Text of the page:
A YOUNG girl, who had a 40% chance of surviving the effects of cancer on her body, is set to return to school next term. Nadia du Preez, 5, returned home to Port Elizabeth yesterday after spending more than five months at the Red Cross Children’s Hospital (RCCH) in Cape Town.
The Grade R Sunridge Pre-Primary School pupil was diagnosed with acute myeloid leukaemia (AML) at the Greenacres Hospital on December 11. The next day her parents Cheryl and Arno drove her to Cape Town where she was admitted to the hospital and she had been there ever since.
“The last six months have really been trying times for our family. It has brought us a lot closer as a family and brought forth our true friends. Nadia is a fighter. Despite having to face so many life-threatening challenges she is here today with a smile on her face,” Cheryl said. AML is a type of bone marrow cancer for which Nadia had to undergo a bone marrow transplant. She underwent two 10-day chemotherapy sessions ahead of the transplant.
On February 26, Nadia and her seven-year old sister, Sune – the only one compatible to donate – were wheeled into surgery for the transplant. But the family’s woes were far from over.
Next came more chemotherapy, which affected Nadia’s immune system and forced her to spend five weeks in isolation. During this time, she developed veno occlusive disease – a condition brought on by high-dose chemotherapy which obstructs small veins in the liver. “It is only through the grace of God that we are able to travel back to PE as a complete family today [yesterday]. Doctors told us she only had a 40% chance of surviving the various attacks on her body. But she once again defied the odds and made a full recovery from the veno occlusive disease,” Cheryl said.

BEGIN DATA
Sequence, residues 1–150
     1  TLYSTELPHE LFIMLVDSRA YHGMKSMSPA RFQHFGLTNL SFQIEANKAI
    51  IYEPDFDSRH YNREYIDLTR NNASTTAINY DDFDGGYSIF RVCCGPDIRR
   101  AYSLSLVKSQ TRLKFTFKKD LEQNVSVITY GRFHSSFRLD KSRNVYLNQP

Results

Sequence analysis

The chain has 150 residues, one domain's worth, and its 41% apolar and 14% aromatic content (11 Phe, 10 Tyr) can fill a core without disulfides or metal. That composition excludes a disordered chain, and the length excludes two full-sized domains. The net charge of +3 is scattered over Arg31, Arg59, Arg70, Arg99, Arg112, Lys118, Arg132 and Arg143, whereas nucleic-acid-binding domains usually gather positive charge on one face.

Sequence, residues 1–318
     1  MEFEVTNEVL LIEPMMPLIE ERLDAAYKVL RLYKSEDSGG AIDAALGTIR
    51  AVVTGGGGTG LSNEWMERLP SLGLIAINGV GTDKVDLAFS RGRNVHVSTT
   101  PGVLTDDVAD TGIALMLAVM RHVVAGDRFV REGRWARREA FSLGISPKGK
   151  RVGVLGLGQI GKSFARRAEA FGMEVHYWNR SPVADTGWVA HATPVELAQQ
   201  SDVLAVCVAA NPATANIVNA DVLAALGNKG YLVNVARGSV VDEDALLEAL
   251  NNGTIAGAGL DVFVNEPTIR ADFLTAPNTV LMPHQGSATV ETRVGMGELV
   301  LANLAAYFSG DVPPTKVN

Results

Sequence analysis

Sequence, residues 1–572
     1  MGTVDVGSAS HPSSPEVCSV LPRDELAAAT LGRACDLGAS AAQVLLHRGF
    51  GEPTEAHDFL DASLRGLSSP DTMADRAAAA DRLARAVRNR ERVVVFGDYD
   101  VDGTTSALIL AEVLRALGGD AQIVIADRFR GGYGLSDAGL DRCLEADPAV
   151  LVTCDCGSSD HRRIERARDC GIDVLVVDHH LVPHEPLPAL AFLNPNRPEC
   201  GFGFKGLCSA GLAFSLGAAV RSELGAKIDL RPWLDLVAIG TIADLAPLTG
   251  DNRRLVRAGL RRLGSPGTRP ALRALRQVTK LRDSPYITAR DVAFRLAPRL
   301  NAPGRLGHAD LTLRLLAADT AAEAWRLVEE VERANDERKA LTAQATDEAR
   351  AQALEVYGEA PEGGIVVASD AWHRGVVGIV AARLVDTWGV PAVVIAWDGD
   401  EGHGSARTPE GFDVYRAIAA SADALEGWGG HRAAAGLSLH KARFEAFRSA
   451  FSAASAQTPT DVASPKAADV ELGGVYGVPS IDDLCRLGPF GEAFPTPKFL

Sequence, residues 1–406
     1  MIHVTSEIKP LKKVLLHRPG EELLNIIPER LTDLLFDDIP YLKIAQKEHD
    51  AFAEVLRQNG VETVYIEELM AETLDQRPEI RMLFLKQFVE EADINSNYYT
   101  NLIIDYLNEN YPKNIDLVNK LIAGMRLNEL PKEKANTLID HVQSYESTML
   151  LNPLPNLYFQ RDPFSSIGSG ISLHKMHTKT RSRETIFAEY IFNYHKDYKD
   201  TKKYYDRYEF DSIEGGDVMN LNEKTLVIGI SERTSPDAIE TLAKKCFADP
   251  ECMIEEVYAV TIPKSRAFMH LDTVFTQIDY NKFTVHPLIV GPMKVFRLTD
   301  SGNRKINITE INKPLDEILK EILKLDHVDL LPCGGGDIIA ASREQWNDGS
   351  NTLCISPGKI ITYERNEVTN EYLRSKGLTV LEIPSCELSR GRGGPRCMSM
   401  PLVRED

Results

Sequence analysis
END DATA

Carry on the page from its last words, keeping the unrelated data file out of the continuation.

And as Nadia prepares to return to school next month – she managed to complete her first term curriculum in hospital thanks to her parents who travelled between Port Elizabeth and Cape Town regularly to tutor her – the family are starting to count the costs of medical bills.
To help relieve some of that stress, Sunridge Pre-Primary hosted a golf day at the Port Elizabeth Golf Club yesterday. School principal Rosemary Halgreen-Visser said they had undertaken similar initiatives in the past.
“Last year we did the same thing for a former pupil, Megan Belle, who was suffering from an inoperable brain tumour. We managed to raise R5000 for her. This year we are going bigger in the hope of raising R10000 for the Du Preez family,” she said.
Cheryl said: “I would like to sincerely thank Sunridge Pre-Primary for all their support and understanding. The golf day is just one example of how they have gone above and beyond for us. Words cannot express how grateful we are.”